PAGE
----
Type 2 diabetes is a condition that can stick with patients for their entire lives. Despite this serious impact on blood sugar, researchers say people can effectively treat diabetes, and even reverse it in some cases, by making dietary changes. That’s the new finding by a team from the University of British Columbia. Study authors report that people can effectively control their type 2 diabetes through carefully planned dietary adjustments. The research team also stresses the importance of local pharmacists during this process, who should carefully monitor medication usage and dosages while patients are dieting.
This project tracked a group of type 2 diabetes patients as they adhered to a 12-week diet program managed by their local pharmacists. Each study participant stuck to a low calorie, low carbohydrate, higher protein meal plan, and had to check in with their pharmacists regularly regarding medication use.
“Type 2 diabetes can be treated, and sometimes reversed, with dietary interventions,” says study co-author Dr. Jonathan Little, an associate professor in UBC Okanagan’s School of Health and Exercise Sciences, in a media release. “However, we needed a strategy to help people implement these interventions while keeping an eye on their medication changes.”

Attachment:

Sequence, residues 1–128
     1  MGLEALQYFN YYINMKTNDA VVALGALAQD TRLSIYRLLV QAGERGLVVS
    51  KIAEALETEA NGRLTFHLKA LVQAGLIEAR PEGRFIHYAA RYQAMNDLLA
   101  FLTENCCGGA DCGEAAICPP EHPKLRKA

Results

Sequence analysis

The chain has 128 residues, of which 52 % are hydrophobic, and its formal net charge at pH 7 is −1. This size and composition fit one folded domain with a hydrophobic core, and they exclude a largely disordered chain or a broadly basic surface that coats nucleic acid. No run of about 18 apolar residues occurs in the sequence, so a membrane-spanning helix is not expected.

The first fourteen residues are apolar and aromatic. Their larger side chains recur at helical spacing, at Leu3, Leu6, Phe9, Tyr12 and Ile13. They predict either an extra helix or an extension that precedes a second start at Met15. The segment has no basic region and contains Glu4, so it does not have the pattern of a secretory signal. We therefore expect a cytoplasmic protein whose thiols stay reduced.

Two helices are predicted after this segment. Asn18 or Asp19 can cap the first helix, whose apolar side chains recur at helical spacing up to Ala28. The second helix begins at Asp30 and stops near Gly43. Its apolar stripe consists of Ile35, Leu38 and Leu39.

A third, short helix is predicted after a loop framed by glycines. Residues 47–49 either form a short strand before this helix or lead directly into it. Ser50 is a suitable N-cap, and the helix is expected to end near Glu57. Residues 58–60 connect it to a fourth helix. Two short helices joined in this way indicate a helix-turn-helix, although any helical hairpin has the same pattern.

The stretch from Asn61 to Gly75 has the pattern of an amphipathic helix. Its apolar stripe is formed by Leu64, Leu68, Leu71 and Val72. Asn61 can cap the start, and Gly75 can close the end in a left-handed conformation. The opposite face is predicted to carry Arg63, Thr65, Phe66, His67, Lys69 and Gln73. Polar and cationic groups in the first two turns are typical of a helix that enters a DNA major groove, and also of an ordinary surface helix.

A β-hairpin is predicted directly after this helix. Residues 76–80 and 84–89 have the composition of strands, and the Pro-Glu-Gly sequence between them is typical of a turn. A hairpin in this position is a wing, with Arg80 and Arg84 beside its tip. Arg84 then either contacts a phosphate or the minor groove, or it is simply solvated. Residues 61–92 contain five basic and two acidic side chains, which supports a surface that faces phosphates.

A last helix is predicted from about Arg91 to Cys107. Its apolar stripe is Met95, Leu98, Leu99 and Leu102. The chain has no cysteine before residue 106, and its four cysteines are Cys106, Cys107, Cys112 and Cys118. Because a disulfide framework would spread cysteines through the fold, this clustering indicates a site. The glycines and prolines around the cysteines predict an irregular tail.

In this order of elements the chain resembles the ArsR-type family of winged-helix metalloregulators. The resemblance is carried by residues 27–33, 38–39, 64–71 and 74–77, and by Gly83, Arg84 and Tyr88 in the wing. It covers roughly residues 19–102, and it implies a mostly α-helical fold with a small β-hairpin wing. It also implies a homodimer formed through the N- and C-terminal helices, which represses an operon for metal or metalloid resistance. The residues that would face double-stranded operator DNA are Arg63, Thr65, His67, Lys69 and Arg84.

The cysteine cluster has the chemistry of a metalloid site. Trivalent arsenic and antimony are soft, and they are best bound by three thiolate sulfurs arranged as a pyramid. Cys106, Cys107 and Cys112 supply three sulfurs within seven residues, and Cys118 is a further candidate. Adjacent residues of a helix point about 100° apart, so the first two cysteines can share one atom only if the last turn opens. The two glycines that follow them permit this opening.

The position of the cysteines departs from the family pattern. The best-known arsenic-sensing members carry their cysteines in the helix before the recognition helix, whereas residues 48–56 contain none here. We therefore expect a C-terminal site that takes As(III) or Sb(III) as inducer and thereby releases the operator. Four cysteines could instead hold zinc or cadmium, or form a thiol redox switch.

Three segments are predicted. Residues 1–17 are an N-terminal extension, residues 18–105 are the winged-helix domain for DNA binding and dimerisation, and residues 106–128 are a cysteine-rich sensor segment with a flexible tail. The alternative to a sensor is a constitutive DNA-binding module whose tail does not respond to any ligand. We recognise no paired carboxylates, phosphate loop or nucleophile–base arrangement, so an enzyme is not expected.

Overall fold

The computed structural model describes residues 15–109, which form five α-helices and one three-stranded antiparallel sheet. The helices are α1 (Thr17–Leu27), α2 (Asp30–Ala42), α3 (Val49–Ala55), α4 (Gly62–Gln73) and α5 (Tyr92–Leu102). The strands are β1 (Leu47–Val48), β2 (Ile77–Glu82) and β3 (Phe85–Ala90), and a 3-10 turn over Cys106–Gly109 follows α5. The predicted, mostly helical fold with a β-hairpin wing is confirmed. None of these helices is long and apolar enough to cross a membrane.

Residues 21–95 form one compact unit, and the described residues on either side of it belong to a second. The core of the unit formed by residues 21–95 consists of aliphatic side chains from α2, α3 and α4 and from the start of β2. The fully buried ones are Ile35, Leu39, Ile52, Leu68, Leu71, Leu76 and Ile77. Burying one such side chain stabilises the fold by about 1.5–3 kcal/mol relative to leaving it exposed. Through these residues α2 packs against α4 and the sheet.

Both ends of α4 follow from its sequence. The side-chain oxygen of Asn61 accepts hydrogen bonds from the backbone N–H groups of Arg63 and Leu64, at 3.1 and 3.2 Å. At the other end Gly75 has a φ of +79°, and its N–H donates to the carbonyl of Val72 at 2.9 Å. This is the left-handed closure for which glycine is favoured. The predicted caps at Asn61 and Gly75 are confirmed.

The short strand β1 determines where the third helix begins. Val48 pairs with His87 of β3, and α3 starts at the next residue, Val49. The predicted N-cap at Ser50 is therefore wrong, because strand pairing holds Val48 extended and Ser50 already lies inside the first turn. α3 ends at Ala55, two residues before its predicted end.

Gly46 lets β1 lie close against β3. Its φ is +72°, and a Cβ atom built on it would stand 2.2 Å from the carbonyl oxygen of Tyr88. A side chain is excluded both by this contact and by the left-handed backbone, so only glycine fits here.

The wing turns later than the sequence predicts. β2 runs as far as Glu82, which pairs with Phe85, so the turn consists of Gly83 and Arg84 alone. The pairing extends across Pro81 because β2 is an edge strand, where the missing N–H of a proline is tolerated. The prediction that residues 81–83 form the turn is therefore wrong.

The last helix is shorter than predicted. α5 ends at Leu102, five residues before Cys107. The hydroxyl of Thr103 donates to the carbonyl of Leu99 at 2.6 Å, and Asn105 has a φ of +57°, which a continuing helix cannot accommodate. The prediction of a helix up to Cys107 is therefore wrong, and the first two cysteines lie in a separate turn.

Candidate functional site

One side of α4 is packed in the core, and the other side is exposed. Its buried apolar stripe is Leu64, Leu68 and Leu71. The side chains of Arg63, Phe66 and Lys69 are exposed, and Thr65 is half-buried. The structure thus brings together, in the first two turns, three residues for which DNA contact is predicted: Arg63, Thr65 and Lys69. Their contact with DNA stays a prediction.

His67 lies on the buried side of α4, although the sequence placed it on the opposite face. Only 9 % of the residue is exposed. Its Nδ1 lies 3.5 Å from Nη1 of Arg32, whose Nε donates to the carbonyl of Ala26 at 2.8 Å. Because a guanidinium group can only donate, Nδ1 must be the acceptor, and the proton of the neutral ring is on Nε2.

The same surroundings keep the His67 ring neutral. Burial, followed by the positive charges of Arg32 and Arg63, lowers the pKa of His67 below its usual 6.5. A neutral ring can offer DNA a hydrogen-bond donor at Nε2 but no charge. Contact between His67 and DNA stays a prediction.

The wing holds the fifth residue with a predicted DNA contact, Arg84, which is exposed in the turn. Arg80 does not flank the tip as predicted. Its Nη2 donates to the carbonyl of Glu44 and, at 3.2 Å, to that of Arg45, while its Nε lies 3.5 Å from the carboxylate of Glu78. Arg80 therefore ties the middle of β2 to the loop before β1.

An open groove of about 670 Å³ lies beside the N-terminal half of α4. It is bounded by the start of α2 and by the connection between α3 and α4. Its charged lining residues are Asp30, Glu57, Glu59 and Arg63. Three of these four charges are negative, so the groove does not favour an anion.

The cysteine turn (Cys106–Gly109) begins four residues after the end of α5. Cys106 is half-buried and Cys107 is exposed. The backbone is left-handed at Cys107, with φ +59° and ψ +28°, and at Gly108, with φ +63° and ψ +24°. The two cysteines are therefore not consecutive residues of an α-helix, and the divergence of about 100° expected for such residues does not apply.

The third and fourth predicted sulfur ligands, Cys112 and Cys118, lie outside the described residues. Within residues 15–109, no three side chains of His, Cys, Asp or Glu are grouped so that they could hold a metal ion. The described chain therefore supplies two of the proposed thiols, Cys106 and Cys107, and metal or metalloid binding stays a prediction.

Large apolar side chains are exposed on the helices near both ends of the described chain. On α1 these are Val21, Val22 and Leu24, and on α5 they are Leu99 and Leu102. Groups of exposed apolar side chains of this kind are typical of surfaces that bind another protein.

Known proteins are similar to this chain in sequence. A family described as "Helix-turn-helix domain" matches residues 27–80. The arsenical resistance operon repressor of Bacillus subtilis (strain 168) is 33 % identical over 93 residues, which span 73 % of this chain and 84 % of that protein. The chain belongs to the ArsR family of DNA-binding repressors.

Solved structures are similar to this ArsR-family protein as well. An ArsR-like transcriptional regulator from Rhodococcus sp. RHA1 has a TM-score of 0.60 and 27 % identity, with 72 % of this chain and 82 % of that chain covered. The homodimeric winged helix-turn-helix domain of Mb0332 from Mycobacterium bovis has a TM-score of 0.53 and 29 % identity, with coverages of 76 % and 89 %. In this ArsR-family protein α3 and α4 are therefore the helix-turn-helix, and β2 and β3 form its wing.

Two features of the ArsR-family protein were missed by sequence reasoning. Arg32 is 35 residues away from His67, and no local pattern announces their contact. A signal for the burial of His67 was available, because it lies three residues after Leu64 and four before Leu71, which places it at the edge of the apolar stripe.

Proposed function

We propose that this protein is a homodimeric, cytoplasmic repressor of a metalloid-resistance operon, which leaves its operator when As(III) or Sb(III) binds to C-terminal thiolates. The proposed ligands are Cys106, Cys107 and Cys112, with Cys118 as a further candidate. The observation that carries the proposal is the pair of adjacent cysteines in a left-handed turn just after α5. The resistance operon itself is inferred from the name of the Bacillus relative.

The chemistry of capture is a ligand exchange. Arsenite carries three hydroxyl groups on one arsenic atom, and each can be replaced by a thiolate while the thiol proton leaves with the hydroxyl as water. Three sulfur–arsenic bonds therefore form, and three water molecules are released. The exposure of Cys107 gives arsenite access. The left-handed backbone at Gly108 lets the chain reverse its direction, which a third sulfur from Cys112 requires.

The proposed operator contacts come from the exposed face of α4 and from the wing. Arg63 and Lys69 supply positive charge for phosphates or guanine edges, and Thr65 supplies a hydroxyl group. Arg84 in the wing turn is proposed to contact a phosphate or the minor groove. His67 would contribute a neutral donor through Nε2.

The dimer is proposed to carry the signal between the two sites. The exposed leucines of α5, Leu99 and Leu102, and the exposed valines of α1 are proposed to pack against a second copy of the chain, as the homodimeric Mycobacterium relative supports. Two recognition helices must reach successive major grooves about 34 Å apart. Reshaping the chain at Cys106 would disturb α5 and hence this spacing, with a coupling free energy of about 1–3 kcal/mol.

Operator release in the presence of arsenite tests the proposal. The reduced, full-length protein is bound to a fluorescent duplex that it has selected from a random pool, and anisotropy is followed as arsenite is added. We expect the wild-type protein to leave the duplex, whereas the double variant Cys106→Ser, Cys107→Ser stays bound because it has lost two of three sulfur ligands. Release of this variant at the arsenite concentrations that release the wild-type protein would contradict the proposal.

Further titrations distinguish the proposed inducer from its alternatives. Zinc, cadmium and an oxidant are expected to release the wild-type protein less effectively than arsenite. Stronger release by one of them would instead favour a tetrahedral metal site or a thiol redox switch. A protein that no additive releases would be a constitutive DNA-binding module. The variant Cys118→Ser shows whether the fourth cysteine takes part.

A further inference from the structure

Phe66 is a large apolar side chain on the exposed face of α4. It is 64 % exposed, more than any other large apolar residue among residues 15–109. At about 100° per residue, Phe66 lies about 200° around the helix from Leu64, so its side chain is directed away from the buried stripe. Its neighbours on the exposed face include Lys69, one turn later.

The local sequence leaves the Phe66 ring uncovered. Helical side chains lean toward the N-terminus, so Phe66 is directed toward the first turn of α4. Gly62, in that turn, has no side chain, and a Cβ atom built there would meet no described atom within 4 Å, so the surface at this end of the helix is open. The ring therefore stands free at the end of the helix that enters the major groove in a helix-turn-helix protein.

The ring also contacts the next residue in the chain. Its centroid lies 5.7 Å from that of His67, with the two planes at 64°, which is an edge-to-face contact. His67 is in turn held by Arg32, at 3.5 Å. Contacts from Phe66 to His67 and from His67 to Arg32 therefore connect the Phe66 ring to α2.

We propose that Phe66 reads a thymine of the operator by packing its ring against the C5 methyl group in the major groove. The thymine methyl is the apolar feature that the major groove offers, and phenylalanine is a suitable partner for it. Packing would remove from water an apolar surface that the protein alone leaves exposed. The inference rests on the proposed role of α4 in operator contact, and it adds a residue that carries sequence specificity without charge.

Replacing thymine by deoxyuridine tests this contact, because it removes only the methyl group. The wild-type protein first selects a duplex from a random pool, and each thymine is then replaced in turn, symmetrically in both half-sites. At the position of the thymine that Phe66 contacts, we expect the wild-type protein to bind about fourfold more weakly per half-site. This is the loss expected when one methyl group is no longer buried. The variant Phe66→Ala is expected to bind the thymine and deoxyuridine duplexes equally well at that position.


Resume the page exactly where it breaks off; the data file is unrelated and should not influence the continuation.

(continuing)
Eating right can get you off medications faster
While it certainly wouldn’t be a bad idea to consult a doctor, study authors focused on pharmacists specifically because they are generally more accessible than physicians. Type 2 diabetes patients usually see and consult with their pharmacists much more often than their doctors, especially in rural regions.
“Community pharmacists have expertise in medication management and can serve an important role in overall diabetes care,” Dr. Little adds. “When Type 2 diabetes patients follow a very low-carbohydrate or low-calorie diet, there is a need to reduce or eliminate glucose-lowering medications. Community pharmacists are ideally positioned to safely and effectively deliver interventions targeted at reducing diabetes medications while promoting Type 2 diabetes remission.”
Researchers separated the participants into two groups. One followed the new diet plan and a control group didn’t change their usual eating habits. By the time three months had passed, more than one-third of those in the diet group had stopped taking all diabetes medications. This didn’t happen for any patients in the control group. The diet group also enjoyed notable improvements in average body weight, glucose control, systolic blood pressure, and general health.
In summation, the research team believes the key to dieting success against type 2 diabetes is a “targeted nutritional approach, supervised by a community pharmacist who can monitor prescribed medications.”
“The intervention was effective in reducing the need for glucose-lowering medications for many in our study,” study co-author Dr. Alan Batterham, professor in the School of Health and Life Sciences at Teesside University, concludes. “This indicates that community pharmacists are a viable and innovative option for implementing short-term nutritional interventions for people with Type 2 diabetes, particularly when medication management is a safety concern.”